(International conference “Art and Politics: Case-studies of Eastern Europe”) Kotryna Džilavjanaitė, 2006 11 02 D.Nieznalska, "Passion", 2001

Aleksandras Laktionovas, "To a New Flat", 1952

Silvestras Džiaukštas, "Death of an Activist", 1969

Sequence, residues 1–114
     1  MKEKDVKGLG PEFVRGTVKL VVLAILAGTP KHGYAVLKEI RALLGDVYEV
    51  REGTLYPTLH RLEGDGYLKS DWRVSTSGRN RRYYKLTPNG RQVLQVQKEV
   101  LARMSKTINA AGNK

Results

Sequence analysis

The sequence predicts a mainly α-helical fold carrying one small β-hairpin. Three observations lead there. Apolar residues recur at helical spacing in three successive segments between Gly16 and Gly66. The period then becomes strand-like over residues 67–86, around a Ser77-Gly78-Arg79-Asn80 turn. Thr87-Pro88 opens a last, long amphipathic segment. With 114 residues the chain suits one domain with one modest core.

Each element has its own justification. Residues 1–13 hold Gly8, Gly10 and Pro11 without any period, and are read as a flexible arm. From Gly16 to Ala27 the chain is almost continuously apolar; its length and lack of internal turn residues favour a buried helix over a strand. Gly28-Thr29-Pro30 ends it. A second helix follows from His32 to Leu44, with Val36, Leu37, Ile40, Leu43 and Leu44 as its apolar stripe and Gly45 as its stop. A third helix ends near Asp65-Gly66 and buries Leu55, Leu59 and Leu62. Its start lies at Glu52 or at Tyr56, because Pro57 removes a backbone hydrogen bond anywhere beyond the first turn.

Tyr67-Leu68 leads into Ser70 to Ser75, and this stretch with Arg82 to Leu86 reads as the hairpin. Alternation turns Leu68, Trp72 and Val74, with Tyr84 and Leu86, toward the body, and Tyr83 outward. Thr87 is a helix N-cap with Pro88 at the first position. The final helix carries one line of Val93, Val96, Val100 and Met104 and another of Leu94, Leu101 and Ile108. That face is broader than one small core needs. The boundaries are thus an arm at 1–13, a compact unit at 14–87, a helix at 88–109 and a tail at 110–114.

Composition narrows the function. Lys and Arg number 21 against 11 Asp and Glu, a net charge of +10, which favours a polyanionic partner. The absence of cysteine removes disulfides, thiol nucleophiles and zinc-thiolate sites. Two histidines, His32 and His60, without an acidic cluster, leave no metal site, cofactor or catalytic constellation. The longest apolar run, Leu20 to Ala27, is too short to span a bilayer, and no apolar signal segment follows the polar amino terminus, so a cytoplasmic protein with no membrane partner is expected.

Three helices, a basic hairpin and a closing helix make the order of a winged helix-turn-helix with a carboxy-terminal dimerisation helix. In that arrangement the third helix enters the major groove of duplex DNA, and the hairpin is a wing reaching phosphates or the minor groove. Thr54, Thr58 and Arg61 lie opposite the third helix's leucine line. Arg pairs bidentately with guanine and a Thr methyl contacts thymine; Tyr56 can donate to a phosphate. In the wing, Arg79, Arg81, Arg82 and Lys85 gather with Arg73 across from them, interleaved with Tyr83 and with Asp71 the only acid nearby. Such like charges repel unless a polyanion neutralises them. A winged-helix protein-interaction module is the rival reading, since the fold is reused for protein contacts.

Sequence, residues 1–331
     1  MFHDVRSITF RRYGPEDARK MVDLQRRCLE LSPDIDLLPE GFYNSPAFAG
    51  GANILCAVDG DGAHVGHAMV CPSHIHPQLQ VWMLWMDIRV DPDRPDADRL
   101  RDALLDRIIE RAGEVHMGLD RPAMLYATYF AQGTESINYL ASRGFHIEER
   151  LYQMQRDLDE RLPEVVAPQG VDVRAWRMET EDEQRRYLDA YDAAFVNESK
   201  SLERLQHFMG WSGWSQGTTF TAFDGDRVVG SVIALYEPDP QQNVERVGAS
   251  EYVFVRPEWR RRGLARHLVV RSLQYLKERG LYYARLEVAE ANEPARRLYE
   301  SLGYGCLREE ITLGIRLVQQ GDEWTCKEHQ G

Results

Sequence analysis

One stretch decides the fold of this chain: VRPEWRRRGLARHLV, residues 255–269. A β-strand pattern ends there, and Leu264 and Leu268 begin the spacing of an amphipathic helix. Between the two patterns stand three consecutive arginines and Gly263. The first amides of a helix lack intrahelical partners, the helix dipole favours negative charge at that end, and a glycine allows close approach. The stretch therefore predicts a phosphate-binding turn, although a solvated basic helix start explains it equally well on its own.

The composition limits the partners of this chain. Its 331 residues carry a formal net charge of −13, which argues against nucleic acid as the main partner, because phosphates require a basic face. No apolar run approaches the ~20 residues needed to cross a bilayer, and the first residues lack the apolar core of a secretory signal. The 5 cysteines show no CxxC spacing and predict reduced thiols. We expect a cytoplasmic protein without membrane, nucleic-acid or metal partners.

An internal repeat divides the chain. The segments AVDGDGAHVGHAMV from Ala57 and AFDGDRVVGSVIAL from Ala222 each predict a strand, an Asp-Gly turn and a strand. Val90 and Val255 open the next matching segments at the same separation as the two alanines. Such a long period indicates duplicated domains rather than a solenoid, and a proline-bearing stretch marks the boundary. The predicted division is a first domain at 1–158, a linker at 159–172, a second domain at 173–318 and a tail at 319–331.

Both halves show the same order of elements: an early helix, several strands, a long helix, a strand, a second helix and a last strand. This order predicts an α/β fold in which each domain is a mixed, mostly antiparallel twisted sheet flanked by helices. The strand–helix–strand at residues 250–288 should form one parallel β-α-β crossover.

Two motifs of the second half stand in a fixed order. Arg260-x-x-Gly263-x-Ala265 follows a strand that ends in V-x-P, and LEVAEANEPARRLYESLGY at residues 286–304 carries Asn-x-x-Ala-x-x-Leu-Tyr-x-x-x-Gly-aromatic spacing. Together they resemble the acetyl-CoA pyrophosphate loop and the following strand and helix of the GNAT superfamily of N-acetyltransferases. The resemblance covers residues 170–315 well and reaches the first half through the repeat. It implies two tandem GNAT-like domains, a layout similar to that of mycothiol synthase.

Action "T-shirt for Freedom", 2004. Former vice-champion of Olympic biathlon Tomasz Sikora wears T-shirt with a note "I am black". In brief: The belief that scientific conferences may be attractive and useful only to a small circle of theoreticians does not always appear to be true. The content of the conference organised at the Art Institute of Vytautas Magnus University on October 26-27 could interest not only professional art critics and students but also other educated members of the society. The international conference was dedicated for the analysis of art and politics issues in the Eastern European countries. Many interesting reports were read, which made one wonder, doubt or agree. The rather narrow (post)Soviet focus of the conference was grounded – the listeners could get acquainted with many-sided researches of scientists from many countries concentrated on a particular discourse. Up till now the art of the Soviet period or Stalin period was reviewed rather episodically. Social realism art has not been fully condemned or rehabilitated in Lithuania, its examples are still gathering dust in museum funds (Meanwhile, artworks of social realism are included into the constant exposition of the National Gallery in Czech). The conference was started by Vojtech Lahoda, a Czech professor of art, who gave lectures to VMU students two years ago. He analysed the role of an artist as a politician presenting an example of Pablo Picasso, one of the most contradictory personalities of art of the 20th century. The report of Linara Dovydaitytė took the audience to more recent times – she spoke about expression in the Lithuanian painting of 7th century. The art critic noted that the wave of expression was applied for principles of propaganda inevitably. This is revealed by the works of Leonas Surgailis “1917” and Silvestras Džiaukštas “Death of an Activist”, the form of which is freer, bolder but the content is still politically agitating. Reports on sociological themes were delivered by Oliver Johnson (England), also by Izabela Kowalczyk, who made a research on art and tolerance in Poland. One more interesting example of the society analysis was presented by Prof. Egidijus Aleksandravičius, who read a report about the fate of Aesop’s language in the post-Soviet Lithuania. During the soviet times Aesop’s language formed as a tool enabling to survive and resist. Lecturers spoke in two different halls at the same time; therefore, it was not possible to hear all the reports included into the programme. Still, they should be printed in the publication of the conference (about 30 reports in total). The conference may be evaluated as an exceptional and important – it will have a real benefit for the Lithuanian art researchers’ work reviewing the heritage of Soviet art, the connection of politics and art earlier and now. The topics introduced during the event may serve to educate people evaluating art and have an impact on the formation of a more open society.

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